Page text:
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  • Slavery, Indenture and the Development of British Industrial Capitalism
  • Mark Harvey (bio)

The experience of all ages and nations, I believe, demonstrates that the work done by slaves, though it appears to cost only their maintenance is in the end the dearest of any. A person who can acquire no property, can have no other interest but to eat as much, and to labour as little as possible. Whatever work he does beyond what is sufficient to purchase his own maintenance can be squeezed out of him by violence only, and not by any interest of his own.

Adam Smith, Wealth of Nations, 1776.1

The slave does not come into consideration as engaged in exchange at all. But in production based on capital, consumption is mediated at all points by exchange, and labour never has direct use value for those who are working. Its entire basis is labour as exchange value and as the creation of exchange value.

Karl Marx, Grundrisse, 1857–8.2

By contrast, in slavery 'wealth confronts direct forced labour not as capital, but rather as a relation of domination; thus the relation of domination is the only thing which is reproduced … and which can therefore never create general industriousness'.

Karl Marx, Grundrisse, 1857–83

CAPITALISM AND SLAVERY

Across a wide spectrum of political economy, as it emerged in the eighteenth and nineteenth centuries, there was a shared conception that industrial capitalism, as it too emerged, was existentially founded on free wage labour. The development of mass production for mass consumption, mediated by the market, presupposed markets for wage labour. Capital grew, commodities circulated, wages purchased commodities, supply responded to demand, all in a dynamic and expanding circuit generating the 'wealth of nations'. This article challenges both this understanding of the British [End Page 66] industrial revolution and this conception of the economy as a closed-circuit market economy. As some recent American scholarship has emphasized,4 violence combined with exchange was characteristic of the emergence of capitalism in the United States: the original violence of capture in Africa and the transAtlantic transport of slaves on the Middle Passage; the subsequent violence of taking slaves to market from the Old South to the Deep South chained in coffles; the violence of the cotton plantation regimes of labour exploitation. Moreover, the violence of colonization of the New World and the wars of capture and defence of colonies by European powers were preconditions for slave-plantation regimes. Sven Beckert strangely characterizes this as a discrete phase of war capitalism,5 as if war as a means of economic competition ended with the eighteenth century. In short, there is more to the emergence of industrialism's mass markets than the expansion of market exchanges.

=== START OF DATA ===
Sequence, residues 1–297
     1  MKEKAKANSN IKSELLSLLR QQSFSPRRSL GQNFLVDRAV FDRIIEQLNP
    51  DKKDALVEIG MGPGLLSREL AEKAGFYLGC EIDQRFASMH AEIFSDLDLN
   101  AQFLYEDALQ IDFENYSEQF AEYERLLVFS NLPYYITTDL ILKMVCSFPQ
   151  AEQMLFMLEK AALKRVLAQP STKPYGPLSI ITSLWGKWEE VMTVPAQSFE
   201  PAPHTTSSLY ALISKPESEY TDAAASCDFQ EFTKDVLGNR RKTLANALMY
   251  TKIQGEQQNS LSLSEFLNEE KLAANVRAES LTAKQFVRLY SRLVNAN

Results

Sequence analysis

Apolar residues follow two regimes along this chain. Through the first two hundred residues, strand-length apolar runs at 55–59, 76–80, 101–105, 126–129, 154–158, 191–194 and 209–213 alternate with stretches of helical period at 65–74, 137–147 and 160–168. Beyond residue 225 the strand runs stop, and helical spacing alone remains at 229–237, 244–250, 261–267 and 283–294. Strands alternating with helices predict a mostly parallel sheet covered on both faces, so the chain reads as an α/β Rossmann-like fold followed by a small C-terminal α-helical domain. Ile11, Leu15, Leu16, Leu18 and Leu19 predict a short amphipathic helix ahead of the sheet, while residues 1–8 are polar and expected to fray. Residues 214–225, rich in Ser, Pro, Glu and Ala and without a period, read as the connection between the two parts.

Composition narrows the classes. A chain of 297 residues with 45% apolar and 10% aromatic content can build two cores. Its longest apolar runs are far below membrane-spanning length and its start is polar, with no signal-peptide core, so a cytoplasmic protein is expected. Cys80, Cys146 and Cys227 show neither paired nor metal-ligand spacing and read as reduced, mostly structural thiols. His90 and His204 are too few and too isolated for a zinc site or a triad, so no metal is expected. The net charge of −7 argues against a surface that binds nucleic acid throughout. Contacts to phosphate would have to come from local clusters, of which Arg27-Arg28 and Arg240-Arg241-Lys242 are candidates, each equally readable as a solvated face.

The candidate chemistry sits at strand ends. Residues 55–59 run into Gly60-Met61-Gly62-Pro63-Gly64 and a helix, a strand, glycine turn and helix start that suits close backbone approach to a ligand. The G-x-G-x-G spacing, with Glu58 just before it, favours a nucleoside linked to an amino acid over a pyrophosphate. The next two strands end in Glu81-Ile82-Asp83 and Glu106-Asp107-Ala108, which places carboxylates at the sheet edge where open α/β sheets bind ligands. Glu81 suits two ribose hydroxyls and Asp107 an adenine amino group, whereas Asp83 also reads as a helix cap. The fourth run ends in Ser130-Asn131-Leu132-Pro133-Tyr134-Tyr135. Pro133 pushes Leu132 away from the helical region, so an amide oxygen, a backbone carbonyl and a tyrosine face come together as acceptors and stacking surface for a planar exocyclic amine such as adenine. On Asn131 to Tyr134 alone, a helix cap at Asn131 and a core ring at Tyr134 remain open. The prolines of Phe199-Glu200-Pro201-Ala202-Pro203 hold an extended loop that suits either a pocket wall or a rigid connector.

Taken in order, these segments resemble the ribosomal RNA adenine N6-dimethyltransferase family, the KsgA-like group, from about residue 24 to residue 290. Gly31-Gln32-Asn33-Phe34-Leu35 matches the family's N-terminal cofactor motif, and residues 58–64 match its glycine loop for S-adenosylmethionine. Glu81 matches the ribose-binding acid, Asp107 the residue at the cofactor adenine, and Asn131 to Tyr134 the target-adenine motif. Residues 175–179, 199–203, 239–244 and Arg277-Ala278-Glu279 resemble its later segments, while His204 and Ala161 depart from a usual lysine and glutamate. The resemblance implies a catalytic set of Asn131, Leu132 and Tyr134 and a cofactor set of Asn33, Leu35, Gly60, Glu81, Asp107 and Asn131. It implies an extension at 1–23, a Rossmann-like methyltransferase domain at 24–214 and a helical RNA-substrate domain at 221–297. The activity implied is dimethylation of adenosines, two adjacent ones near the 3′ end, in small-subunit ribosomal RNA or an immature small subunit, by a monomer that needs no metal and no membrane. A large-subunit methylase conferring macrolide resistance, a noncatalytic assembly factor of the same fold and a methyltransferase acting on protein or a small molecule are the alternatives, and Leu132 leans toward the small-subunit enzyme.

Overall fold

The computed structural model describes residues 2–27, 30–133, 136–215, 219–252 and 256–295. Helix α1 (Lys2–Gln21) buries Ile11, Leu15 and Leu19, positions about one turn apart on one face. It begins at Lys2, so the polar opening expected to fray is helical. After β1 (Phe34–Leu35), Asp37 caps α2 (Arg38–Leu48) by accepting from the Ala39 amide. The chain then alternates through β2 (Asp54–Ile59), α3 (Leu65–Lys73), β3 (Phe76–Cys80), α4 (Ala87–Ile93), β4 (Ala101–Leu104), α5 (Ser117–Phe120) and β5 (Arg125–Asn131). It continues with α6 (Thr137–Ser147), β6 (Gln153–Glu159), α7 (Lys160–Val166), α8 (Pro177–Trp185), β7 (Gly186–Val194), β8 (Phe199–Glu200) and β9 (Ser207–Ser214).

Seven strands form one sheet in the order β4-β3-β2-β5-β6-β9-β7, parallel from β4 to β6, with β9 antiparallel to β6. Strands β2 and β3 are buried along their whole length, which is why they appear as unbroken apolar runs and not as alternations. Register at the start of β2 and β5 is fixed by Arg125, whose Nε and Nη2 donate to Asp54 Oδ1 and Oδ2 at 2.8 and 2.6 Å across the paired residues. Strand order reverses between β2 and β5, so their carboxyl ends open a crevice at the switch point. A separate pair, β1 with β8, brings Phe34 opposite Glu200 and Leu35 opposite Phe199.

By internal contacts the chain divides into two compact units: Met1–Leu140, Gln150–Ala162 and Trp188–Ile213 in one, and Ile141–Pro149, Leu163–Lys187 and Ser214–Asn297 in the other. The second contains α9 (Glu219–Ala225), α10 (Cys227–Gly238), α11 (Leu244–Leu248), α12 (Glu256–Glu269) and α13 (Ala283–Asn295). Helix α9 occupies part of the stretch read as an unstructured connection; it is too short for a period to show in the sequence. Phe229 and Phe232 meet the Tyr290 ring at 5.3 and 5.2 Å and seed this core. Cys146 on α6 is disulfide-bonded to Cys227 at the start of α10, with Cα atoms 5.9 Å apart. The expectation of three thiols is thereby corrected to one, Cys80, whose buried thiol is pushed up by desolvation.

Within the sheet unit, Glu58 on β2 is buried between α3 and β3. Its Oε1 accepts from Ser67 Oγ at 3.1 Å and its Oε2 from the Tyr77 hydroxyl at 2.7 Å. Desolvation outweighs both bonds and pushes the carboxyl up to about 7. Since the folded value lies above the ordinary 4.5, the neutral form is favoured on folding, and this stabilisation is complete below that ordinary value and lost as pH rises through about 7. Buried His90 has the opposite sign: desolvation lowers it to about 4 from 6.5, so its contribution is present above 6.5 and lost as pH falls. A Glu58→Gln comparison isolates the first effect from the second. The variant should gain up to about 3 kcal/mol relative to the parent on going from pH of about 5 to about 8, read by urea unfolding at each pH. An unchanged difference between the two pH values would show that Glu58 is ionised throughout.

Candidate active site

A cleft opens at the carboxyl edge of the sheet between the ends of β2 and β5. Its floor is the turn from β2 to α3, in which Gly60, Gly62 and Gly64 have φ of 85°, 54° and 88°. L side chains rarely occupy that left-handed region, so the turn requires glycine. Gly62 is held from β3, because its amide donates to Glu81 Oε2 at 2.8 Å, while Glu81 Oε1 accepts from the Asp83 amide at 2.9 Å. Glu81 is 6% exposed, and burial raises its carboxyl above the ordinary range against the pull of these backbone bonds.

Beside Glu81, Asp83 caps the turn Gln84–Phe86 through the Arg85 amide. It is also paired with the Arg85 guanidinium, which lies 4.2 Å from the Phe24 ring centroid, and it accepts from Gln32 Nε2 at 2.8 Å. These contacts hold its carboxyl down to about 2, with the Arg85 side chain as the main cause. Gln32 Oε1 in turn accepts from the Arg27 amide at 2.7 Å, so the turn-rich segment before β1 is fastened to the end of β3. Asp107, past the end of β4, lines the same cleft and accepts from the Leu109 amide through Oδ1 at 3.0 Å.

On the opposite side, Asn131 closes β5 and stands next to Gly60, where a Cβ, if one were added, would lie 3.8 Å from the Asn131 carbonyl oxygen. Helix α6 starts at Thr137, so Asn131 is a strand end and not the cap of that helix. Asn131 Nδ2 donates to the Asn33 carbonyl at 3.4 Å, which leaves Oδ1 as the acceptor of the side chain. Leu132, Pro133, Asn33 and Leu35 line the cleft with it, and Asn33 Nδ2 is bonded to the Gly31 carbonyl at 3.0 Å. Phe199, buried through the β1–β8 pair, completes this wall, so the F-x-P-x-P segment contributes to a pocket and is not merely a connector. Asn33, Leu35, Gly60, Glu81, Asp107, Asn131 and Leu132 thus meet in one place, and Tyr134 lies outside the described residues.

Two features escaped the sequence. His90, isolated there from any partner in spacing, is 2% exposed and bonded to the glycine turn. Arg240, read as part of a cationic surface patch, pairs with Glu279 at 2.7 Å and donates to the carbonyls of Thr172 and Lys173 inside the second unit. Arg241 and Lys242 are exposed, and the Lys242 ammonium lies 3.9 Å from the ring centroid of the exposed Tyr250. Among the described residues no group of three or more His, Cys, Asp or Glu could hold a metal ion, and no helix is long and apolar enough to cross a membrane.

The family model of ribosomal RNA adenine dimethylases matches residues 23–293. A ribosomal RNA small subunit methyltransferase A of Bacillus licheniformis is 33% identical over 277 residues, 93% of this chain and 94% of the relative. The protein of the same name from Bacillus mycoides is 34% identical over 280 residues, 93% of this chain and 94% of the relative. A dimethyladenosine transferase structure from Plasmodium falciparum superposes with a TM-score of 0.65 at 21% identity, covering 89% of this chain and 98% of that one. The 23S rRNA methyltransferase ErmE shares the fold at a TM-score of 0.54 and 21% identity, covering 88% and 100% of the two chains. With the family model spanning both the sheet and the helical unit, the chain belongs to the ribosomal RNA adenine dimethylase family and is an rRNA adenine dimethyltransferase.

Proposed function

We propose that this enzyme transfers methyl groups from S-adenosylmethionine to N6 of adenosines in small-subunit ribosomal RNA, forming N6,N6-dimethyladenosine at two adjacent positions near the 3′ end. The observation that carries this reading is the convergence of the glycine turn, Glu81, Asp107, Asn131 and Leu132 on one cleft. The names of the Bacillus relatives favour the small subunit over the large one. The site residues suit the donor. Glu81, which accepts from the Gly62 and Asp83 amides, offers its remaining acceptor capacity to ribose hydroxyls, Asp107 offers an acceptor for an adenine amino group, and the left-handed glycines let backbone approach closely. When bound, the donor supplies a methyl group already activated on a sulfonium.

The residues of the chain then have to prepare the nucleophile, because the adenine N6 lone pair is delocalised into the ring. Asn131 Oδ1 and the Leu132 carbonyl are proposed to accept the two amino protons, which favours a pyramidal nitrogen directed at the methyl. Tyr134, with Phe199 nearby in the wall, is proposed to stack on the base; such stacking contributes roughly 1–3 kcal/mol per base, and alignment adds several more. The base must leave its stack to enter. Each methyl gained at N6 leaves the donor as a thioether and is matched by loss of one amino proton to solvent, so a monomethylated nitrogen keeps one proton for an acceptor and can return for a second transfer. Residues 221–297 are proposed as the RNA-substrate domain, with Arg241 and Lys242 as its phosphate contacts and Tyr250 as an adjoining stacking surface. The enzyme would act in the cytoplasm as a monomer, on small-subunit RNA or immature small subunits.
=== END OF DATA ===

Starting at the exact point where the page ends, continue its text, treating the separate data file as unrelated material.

This article assesses the significance of slavery and other forms of coerced labour – different regimes of exploitation – for the British industrial revolution and vice versa. It is an argument for distinct historical trajectories, eschewing general models of capitalism or pan-global stages of capitalism. The trajectory of British industrialization involved specific entanglements with slavery and other forms of servile labour over the course of more than two centuries. The trajectory of US industrialization, with its domestic plantation slavery, highlighted earlier by North6 and recently by the 'The New Histories of Capitalism' school,7 contrasts with the British trajectory with its 'slavery at a distance', and indeed trajectories of other European nations.

Moreover, as this article will discuss, the development of British industrial capitalism is marked by internal heterogeneity: the stories of guns, sugar and cotton analysed here reveal different combinations and transitions between metropolitan wage labour, slavery and other forms of coerced labour, indenture and sharecropping. As a first example, the industrial development of metalworking and the arms industry in Britain was significantly stimulated by the massive expansion in demand for guns to trade for slaves in Africa from the mid eighteenth century. The wider use of arms to acquire, defend and control colonial plantation economies, whether in the Caribbean or Asia, in turn sustained the industrial development of the arms industry over the longer term. In the case of British Caribbean sugar plantation regimes, slavery was widely replaced by indentured labour after...

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Additional Information

ISSN
1477-4569
Print ISSN
1363-3554
Pages
pp. 66-88
Launched on MUSE
2020-02-15
Open Access
No
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